A few years back a woman scheduled a consulting session with me. She said she was a website developer. I asked her about her competition.
“I don’t have any competition.”
Wow! I had found the only website developer in the world. Amazing.
In truth, I was just a wee bit taken aback. There had been at least two other website developers at the networking meeting where we had met. Her business was based in Sarasota, a fairly affluent city that I am sure had more than the three website developers I had met at one lunch. So, you know me… I had to investigate further.
“There are NO other website developers in Sarasota?” I tried to keep the snark out of my voice. (I swear!)
“Well, I’m a graphic artist so really, no one can compete with me.”
Yes. In the town that boasts the Ringling School of Art and Design, I am sure you’re the only graphic artist with any talent. (You’ll be proud to know that I did not say this out loud. The self-control made my head hurt though.)
So I dug a little deeper.
“Tell me about your websites. Do you use a WordPress platform?”
“I guess. My company makes them. They’re templates. But I do the graphics and choose the colors.”
AHA! It turns out she is an “associate” with an MLM company that sells everything from vitamin supplements to, well, websites. At the time we spoke, the MLM had well over 150,000 associates, all selling the same stuff.
I would posit that she has competition.
We all have competition. More than that, for most businesses, our competition is national and international, not just local. For people in MLMs, your “teammates” are still your competition. (Sorry.)
So how do you stand out from the competition, especially if you work with a multi-level marketing company? Or in one of those heavily-regulated industries like insurance, law, or medicine?
Differentiation Is Key
You have to differentiate yourself. You have to set yourself up as the expert, the go-to person in your field.
That requires doing what others aren’t doing. In most small business arenas, a modest amount of marketing savvy (and effort) goes a long way. Most small business owners are struggling to pay the bills and scrambling to bring in new clients. They don’t think they have time to work ON their business, branding, and marketing.
Slap a Fiverr logo on the templated website and call it good.
You can call it good, but it’s not. Because someone in your market is going to go the extra mile. They’re going to take the time to develop a customer avatar (or more than one), figure out exactly what their prospective clients are looking for, and serve it up to them in the words and graphics that appeal to them most.
And then they’re going to eat your lunch.
Here’s the good news: It doesn’t take a whole lot of effort to put yourself ahead of 90% of your competition. Why? Because everybody else is doing the same thing.
Which brings us back to differentiation.
Everyone has a Fiverr logo. (I mean seriously, how many prancing lion and shield logos do you see on a weekly basis?) Everyone has a WordPress website. (For about $65 you can upgrade the template and get a much more professional look. Go ahead. Splurge.) Everyone has social media profiles, although not everyone knows how to leverage them.
Just like AA, the first step is acknowledging you have a problem. Most of us are overachievers and we can’t escape that feeling that we should be doing something MORE and BETTER. Listen to your gut on this one.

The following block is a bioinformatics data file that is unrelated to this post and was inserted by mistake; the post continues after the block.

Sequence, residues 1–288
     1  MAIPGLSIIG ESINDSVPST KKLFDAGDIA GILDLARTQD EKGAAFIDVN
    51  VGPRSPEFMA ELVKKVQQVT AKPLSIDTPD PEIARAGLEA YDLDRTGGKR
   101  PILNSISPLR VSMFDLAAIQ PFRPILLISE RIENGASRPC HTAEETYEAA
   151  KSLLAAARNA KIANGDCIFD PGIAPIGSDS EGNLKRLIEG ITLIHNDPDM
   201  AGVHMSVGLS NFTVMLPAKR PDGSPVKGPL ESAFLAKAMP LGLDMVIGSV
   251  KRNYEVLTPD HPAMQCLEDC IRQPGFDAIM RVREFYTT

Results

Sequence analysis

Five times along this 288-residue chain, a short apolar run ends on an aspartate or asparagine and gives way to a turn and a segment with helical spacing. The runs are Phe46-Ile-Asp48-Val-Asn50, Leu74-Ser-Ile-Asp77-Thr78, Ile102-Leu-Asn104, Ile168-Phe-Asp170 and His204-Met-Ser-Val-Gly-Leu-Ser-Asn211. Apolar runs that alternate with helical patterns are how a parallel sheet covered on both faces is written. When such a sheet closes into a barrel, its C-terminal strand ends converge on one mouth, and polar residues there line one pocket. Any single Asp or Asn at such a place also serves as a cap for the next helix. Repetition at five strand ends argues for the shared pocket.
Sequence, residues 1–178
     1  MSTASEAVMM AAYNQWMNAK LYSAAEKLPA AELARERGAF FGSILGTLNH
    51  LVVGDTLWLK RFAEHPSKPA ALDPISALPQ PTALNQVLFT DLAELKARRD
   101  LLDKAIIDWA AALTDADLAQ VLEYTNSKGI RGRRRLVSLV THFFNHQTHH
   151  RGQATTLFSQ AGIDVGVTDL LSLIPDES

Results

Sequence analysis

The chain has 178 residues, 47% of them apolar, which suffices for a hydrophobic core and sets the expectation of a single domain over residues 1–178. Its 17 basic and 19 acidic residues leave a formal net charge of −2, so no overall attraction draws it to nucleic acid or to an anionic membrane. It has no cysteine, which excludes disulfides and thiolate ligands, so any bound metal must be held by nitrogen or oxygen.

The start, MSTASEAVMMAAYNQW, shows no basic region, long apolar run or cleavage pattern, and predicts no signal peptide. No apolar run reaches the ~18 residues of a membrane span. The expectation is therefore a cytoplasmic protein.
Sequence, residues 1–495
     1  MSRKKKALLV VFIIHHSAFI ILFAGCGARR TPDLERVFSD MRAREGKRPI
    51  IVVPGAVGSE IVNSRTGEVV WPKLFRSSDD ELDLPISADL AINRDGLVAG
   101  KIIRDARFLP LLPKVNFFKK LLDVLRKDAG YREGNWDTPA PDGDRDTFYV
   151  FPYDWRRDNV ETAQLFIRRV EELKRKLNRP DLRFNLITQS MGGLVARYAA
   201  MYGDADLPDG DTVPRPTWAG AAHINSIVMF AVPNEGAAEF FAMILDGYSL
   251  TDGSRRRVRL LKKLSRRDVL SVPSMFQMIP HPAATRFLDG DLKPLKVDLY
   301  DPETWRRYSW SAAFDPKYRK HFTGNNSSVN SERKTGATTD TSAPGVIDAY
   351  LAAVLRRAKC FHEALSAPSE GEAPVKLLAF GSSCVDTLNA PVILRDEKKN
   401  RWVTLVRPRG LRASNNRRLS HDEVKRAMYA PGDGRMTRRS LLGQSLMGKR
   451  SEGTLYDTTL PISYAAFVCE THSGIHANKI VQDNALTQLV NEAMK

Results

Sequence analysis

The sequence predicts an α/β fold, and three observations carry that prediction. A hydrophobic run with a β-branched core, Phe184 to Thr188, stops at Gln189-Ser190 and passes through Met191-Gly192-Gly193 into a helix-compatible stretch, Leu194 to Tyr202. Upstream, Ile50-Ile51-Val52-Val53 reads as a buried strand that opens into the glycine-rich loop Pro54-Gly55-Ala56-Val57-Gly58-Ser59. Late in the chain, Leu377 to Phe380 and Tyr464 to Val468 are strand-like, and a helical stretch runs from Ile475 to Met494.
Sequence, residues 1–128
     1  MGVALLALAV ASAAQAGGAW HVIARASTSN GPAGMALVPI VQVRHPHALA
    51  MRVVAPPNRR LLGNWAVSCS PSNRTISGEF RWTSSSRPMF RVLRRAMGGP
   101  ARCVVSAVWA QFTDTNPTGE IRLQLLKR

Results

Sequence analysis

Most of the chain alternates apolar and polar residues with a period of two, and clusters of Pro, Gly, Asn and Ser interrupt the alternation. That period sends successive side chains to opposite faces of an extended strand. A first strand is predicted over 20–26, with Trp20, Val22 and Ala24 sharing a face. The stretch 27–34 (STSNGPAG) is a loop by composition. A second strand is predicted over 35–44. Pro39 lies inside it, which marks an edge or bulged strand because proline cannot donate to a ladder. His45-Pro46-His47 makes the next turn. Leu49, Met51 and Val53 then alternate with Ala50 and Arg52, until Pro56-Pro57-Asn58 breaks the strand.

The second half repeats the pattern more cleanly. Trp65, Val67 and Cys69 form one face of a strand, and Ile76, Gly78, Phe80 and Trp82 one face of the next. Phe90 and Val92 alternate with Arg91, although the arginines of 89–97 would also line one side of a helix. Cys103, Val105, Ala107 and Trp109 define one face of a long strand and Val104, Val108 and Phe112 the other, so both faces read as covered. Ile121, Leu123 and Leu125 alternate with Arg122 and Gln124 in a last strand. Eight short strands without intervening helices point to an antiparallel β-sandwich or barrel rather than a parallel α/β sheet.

How Can You Set Yourself Apart from Your Competition?
You know I’ll start off with having a book. The book is becoming the new business card and yes, people have cottoned on to the idea. But most of the books that people put out are pretty sad. They are poorly written, slapped together, and do more damage to the person’s reputation than good. So, let me say you need a high quality book with professional polish.
Podcasts are gaining in popularity but they are not over-saturated yet. The start up costs are minimal and you can add great value for your clients and prospects, especially those who learn better by listening than reading. You can also get double-duty out of them by using them as blog posts.
Go out and SPEAK. Speaking in front of a group makes you the authority figure. Having the book and/or the podcast makes you more likely to get those speaking gigs, but it doesn’t matter which comes first, just get out and do it. Go to Meetup.com and find groups in your area that would be a good fit for you (i.e., your target prospect is sitting in that meeting) and contact the leader about speaking. Some will, some won’t. You don’t ask, you don’t get. Ask.
In all of these things, you may have that panicky feeling of “I don’t know what to say!” Of course you do. You are working in your field. You know your stuff and you have knowledge to share. (And if you want some help in this, check out my 3 video course here.)
Position yourself as a resource instead of just trying to sell, sell, sell. Take the time to figure out who your real target market is (Hint: It’s not EVERYONE.) I know it’s hard to give when you are trying to get money in the coffers to keep the lights on, but doing the work now—building your brand, working on your business, writing your book—will pay off in both the short run and the long run.
You have competition. They are all around you and all over the world. But you also have unique talents and perspective. If you don’t take steps now to differentiate yourself and your business, you will be lost in the sauce of also rans.
I think you deserve more.
If you are tired of being out-marketed by your competition or you are ready to step up your game, check out Branding, Books and Bourbon, a live 3 day event in Louisville, KY, June 22nd – 24th. Establish your brand, start your book, have your professional branding head shots and video DONE by the time you leave. Plus, you know, 3 days with me and Sharon Vornholt. You KNOW we’ll have fun!